A TLR-2 pathway has been shown to drive joint inflammation in the streptococcal cell wall model in mice [24]. This latter and the current report suggest that TLR-2 pathways may play an important role in post-infectious arthritis. In these systems a massive infiltration of PMN into joints is seen, the hallmark of reactive arthritis.

The results presented here indicate that TLR-4 is not involved in induction of joint injury via lipidated Osp A. It can also be ruled out that the low level LPS contamination present in the Osp A preparations employed (20-40 ng/20µg Osp A) induced a synergistic effect via TLR-4. TLR-4 is the classic receptor involved in signalling transduction by bacterial lipopolysaccharide [25, 26]. In earlier reports TLR-2 was also associated with cellular responses to LPS, but this was shown to be associated with contamination of the LPS preparations employed [27].

The results indicate that the joint injury induced by lipidated Osp A is largely CD-14 independent, as although CD-14 intact w.t. mice had somewhat higher levels of 99Tc uptake, the differences to CD-14 KO mice never reached significance. Although in vitro studies have shown CD-14 mediated activation by B. burgdorfrei Osp to be a potentially important inflammatory pathway [28-30], it has been suggested that signalling via CD-14 can in fact attenuate an inflammatory response to B. burgdorferi [31]. Possibly concomitant engagement of CD-14 results in a complex balance of pro- and anti-inflammatory pathway activation, ultimately determining the outcome of infection, but such mechanisms do not appear to be involved in the model described here. It cannot be excluded that the different strains of mice used may have varying susceptibility to arthritis induction, however use of wild and KO types with the same genetic backgrounds effectively minimises this aspect.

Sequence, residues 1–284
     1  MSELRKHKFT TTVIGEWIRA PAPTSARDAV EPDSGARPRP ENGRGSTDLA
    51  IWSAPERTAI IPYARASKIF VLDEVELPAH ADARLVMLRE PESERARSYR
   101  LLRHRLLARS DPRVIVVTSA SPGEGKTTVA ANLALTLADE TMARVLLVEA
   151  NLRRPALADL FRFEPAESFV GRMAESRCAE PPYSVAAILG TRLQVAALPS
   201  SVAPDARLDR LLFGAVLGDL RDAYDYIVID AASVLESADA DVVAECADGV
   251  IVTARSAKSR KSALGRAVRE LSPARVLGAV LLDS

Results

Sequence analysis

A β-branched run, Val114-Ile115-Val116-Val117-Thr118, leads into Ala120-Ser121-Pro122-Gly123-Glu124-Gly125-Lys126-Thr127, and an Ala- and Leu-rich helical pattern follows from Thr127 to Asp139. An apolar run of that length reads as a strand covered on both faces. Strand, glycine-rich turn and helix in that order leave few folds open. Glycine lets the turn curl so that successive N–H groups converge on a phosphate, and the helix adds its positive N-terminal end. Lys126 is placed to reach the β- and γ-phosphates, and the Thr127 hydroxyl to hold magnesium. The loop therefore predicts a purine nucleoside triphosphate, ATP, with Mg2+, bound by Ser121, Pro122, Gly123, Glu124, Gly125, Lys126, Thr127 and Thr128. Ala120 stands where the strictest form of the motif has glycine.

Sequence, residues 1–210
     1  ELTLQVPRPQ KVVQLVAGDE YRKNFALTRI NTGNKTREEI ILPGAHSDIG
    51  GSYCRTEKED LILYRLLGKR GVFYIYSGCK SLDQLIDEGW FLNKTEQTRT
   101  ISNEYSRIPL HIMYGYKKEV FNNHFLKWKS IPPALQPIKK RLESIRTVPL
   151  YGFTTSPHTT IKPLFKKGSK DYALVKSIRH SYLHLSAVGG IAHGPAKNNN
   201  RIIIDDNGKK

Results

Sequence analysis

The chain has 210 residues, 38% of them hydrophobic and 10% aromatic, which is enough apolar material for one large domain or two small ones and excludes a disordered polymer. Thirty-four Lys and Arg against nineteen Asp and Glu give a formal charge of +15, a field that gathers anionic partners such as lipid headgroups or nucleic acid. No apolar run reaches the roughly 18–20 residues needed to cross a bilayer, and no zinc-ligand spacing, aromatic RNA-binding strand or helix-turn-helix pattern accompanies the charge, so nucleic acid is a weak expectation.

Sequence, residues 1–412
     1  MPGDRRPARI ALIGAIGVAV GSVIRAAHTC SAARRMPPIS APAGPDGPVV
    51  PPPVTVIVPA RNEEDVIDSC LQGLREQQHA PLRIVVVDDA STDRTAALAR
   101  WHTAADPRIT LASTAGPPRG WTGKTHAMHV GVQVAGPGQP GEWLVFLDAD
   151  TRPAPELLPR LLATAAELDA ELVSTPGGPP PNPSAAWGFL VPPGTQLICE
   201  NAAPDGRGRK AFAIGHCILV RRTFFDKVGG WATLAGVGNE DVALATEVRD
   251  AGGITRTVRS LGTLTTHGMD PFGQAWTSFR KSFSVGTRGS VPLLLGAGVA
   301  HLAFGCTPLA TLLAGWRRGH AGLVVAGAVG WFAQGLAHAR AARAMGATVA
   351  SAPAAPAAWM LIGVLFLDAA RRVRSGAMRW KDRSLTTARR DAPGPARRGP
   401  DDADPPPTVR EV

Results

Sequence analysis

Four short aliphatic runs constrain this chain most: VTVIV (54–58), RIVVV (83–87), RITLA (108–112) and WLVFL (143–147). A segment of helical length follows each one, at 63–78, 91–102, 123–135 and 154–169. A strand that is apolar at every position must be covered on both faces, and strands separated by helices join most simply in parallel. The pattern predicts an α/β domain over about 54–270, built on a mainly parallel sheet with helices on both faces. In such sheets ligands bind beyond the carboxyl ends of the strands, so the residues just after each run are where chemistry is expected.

In the second part of the study, the effect of intra-articular administration of the TLR ligand, OD1668, was investigated. In our hands this CpG motif did not induce joint injury; how can this be reconciled with previous reports [9]? The histological changes reported by Deng, Tarkowski and co-workers after intra-articular injection of the same CpG motif employed here [9] consisted of synovial hypertrophy and limited cellular infiltration by cells having the morphology of macrophages, without any cartilage or bone destruction or pannus formation [32]. Massive neutrophilic granulocyte infiltration, the hallmark of classic gonarthritis, was absent in this model and the lack of a functional role for granulocytes was also confirmed by depletion experiments [33]. In this system, significant swelling of knee joints was also described [34], however, the increases in joint diameters reported, 0.09-0.23 mm, were small (at most 5% of the original diameters). Thus the idea that bacterial DNA can induce changes analogous to human reactive/post-infectious arthritis in mice, is not really justified on the basis of the evidence reported. Interestingly, prior administration of bacterial Oligo-DNA, containing immunostimulatory CpG motifs, caused exacerbation of both collagen-induced [35] and adjuvant arthritis [36] in mice In an in vitro study, CpG ODNs failed to activate synovial fibroblasts, whereas stimulation with a TLR-2 ligand (bacterial peptidoglycan) led to up-regulation of TLR-2 and activation, including up-regulation of surface markers and the pro-inflammatory cytokines Il-6 and IL-8 [37].

TLR-2 clearly plays a central role in the induction of the acute inflammatory arthritis in mice seen following intra-articular injection of lipidated outer surface protein A from B. burgdorfei., Using CpG DNA motifs, which are ligands for TLR-9, we failed to induce joint injury in mice under the experimental conditions employed.